NAB Las Vegas highlights

I’ll just put down a few words on the stories that I found of interest this week. Technology is changing fast but sometimes it’s difficult to see where the real breakthroughs are. At Las Vegas there is so much hype and marketing material that sometime the products that are announced a little way ahead of time can have a brief, but important lead in the marketing stakes. Autodesk have done that by delivering the Max 9 and Maya 8.5 releases a month ago, but having parties at NAB to promote them.

Other companies such as Apple use the tension before the announcements to heighten awareness. They certainly had some good news to speak about. Maybe it’s only new releases but it is the company that you keep which sometimes adds to the story. Sony suits were around for the Apple keynote. Everyone was waiting for the new FCP version and it does look good. Final Cut Server is announced: with workflow management, automation, automated encoding of 100 file types and proxy generation. Final Cut Studio is using the newly announced ProRes422 as an uncompressed production format. It’s compressed, but is more along the lines of the older lossless compression that came from Matrox. That worked well for Matrox in the Digibeta world, but I would have hoped that it might be a 4:4:4 format in the modern day. Apple say uncompressed, but it’s 4:2:2. There’s a loss there already. Colours are compromised on vertical edges. It is 1080p and 10-bit so it will be good for me, but for film makers, I’m not so sure. Apple are aiming at high resolution but still managing compression to under 20Mbps for HD footage. Very impressive.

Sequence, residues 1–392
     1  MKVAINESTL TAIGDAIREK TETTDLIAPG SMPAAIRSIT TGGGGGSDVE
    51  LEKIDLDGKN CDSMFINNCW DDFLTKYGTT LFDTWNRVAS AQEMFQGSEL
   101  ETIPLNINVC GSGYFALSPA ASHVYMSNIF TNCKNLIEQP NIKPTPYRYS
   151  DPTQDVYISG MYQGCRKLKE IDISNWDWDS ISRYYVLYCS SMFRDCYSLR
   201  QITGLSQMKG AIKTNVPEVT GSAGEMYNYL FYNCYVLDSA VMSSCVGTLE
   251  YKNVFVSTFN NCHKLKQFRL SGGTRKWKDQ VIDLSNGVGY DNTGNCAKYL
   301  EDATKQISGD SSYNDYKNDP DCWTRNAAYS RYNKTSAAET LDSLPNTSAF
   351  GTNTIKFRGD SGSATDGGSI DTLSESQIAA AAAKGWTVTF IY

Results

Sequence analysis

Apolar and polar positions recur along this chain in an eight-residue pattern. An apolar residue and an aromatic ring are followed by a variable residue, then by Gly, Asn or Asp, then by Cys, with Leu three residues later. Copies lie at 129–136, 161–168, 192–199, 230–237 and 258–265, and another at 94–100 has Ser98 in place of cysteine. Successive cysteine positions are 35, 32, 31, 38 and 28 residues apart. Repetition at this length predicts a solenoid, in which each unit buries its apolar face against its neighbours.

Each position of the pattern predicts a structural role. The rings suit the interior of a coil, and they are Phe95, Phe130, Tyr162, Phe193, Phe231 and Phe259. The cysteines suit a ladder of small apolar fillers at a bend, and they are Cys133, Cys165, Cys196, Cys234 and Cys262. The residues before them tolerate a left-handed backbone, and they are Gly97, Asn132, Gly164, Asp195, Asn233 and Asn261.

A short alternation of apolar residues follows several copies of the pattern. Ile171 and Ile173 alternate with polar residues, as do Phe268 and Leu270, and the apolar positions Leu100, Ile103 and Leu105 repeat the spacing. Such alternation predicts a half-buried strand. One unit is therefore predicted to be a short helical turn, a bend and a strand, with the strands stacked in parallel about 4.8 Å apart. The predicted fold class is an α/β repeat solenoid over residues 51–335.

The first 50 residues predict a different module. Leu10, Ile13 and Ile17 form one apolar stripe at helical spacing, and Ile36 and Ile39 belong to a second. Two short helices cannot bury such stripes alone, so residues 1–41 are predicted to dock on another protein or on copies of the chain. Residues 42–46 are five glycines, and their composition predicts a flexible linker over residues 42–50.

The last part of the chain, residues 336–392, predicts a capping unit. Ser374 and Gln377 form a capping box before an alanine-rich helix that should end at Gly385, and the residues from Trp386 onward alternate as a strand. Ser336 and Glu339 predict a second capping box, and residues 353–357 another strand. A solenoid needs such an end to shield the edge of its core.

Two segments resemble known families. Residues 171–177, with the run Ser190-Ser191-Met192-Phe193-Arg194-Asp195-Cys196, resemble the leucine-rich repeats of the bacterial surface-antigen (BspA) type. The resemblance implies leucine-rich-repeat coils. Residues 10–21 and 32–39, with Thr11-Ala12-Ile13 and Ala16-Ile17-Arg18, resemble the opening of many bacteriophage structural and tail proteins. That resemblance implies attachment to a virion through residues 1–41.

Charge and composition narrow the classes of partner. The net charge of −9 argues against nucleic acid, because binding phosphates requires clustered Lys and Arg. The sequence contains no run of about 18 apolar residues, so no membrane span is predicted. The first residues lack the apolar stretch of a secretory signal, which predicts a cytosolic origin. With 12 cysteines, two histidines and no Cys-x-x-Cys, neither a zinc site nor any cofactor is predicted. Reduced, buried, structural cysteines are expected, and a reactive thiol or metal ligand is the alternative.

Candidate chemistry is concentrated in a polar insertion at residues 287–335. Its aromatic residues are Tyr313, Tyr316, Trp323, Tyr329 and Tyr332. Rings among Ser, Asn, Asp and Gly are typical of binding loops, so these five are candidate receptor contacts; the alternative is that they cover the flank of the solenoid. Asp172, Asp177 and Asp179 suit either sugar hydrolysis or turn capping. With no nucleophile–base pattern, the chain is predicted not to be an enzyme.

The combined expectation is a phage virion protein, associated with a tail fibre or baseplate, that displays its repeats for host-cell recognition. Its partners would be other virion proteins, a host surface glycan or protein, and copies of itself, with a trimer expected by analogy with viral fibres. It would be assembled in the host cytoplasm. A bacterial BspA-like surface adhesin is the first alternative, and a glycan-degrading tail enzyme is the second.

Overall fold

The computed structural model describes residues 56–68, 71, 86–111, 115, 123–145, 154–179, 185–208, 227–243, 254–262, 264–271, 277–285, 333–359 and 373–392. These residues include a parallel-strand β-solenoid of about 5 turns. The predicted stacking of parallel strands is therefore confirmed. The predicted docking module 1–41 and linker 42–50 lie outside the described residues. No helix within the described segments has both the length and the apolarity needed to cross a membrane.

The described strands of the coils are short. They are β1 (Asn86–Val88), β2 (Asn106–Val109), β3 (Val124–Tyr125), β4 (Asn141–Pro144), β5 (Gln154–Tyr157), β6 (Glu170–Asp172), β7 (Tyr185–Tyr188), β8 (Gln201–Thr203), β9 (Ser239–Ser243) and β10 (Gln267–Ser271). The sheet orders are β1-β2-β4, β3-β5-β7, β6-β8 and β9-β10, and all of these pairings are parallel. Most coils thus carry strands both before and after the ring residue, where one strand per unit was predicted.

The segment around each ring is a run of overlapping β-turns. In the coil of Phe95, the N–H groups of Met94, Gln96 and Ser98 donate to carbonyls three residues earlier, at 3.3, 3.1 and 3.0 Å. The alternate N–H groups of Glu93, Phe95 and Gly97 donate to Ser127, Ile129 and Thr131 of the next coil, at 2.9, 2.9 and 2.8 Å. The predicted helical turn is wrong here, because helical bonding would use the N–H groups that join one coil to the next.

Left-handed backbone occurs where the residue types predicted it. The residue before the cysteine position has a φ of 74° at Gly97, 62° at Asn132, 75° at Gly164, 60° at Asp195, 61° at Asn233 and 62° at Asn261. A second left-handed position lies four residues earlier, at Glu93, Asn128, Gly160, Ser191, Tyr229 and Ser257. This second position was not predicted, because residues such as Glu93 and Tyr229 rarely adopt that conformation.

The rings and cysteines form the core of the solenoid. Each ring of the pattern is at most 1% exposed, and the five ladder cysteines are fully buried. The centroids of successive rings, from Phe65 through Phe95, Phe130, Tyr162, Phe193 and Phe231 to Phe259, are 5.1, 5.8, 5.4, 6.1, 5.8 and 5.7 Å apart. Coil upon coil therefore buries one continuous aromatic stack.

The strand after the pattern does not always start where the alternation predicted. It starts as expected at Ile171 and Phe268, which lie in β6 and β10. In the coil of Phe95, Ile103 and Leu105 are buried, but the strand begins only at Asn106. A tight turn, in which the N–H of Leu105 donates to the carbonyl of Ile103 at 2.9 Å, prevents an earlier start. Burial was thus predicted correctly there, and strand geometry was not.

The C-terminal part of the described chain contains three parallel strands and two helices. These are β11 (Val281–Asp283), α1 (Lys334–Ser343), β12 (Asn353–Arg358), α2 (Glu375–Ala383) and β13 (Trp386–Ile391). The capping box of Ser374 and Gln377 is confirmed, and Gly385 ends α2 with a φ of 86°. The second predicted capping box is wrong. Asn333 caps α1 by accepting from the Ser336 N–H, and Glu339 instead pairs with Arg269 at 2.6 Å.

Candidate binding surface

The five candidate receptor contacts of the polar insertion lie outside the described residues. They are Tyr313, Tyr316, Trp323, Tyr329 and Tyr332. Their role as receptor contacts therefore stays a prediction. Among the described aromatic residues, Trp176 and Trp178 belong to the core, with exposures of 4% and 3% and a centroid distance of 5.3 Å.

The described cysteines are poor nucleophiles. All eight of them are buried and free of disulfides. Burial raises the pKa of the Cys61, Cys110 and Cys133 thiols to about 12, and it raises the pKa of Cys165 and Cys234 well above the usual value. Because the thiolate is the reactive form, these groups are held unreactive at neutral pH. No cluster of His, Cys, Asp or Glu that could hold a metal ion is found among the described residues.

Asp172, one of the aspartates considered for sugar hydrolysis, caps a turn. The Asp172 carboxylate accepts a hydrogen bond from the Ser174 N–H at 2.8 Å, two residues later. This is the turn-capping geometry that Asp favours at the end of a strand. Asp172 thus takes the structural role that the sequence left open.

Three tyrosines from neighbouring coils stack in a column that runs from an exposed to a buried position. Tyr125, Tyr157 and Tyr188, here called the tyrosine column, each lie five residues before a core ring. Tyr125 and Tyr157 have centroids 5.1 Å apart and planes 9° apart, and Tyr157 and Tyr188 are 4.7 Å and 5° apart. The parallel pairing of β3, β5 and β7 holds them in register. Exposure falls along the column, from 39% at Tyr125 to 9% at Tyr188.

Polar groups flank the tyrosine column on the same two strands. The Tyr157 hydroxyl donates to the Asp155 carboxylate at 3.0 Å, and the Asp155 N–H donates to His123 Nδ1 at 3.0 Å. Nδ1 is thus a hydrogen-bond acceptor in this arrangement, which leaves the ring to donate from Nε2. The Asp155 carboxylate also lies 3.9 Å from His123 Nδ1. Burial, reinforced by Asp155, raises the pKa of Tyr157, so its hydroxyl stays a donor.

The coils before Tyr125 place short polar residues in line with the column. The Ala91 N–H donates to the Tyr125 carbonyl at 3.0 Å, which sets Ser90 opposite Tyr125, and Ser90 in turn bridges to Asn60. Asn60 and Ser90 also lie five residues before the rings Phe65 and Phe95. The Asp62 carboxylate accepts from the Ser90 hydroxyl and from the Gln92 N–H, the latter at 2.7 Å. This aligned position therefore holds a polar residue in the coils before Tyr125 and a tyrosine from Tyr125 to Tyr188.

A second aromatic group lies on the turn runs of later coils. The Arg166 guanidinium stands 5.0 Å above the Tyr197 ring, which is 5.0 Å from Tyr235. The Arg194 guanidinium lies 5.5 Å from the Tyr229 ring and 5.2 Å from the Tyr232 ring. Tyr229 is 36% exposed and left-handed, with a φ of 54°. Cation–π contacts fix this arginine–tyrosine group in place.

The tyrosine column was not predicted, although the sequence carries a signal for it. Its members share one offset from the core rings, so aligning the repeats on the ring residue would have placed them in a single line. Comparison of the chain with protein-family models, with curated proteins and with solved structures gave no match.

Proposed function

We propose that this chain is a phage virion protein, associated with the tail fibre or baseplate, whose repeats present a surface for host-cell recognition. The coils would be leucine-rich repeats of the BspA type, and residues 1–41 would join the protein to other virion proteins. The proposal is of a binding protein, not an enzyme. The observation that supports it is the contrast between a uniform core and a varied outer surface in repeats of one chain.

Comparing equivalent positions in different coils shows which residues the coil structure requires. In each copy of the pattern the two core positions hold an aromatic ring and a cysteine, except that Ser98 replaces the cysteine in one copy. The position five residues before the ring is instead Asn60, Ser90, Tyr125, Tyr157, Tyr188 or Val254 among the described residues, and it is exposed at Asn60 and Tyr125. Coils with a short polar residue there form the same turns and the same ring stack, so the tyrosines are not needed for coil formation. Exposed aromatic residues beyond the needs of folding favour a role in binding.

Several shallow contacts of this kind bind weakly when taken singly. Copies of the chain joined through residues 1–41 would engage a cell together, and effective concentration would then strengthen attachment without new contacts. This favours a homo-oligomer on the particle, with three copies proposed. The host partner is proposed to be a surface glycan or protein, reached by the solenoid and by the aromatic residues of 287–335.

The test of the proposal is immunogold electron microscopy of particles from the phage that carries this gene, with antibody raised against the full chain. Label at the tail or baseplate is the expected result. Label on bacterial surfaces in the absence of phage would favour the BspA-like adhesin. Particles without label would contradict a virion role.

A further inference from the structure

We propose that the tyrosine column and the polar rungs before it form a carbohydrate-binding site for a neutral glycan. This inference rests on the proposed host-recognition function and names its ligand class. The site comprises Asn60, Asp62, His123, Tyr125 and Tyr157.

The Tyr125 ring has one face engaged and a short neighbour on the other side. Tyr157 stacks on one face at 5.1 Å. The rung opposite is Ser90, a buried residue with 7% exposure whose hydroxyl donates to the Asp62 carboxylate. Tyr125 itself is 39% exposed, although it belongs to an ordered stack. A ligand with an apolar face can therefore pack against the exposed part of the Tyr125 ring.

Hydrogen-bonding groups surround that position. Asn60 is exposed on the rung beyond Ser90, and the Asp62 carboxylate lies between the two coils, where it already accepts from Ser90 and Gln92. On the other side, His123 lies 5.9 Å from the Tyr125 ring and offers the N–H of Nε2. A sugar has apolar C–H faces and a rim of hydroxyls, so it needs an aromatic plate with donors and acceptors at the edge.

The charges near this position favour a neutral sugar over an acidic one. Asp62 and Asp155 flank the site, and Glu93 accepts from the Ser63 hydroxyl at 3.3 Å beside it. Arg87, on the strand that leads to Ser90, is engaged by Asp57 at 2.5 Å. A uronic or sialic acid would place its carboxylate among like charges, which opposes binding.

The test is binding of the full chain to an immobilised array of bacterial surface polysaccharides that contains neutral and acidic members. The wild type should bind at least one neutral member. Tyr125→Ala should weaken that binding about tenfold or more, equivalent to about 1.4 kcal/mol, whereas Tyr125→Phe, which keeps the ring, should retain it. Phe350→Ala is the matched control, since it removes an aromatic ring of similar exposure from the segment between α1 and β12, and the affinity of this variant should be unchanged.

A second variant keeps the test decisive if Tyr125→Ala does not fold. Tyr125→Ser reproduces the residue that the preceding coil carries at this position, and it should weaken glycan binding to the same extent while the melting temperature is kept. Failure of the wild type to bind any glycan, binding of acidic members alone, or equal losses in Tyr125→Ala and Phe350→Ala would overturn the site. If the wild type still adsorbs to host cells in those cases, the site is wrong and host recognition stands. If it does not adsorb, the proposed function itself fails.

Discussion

The timeline now has mixed formats, mixed resolutions, mixed framerates even. They are bringing in Motion templates and features from Shake such as SmoothCam. There are now 3D particles. The audio system, Soundtrack Pro 2 brings in similar features to Audition with Fourier transform type facilities to make it easy to edit out clicks and bumps or unwanted frequencies. The compression will produce MPEG2, h264, wmv and flv with the options of animated watermarks and timecode overlays. Colour grading is so much more straightforward. It is making life easier for the operator who is continuing to cover more aspects of the job in a multitasking environment. The ease of use is very important and has been done well. Amazing that they can do all this and still keep the price low. FCS is only $1299. This is less than it will cost me to upgrade my Production Studio Premium package. It will certainly make me think of moving. I might just rush out and buy a Mac.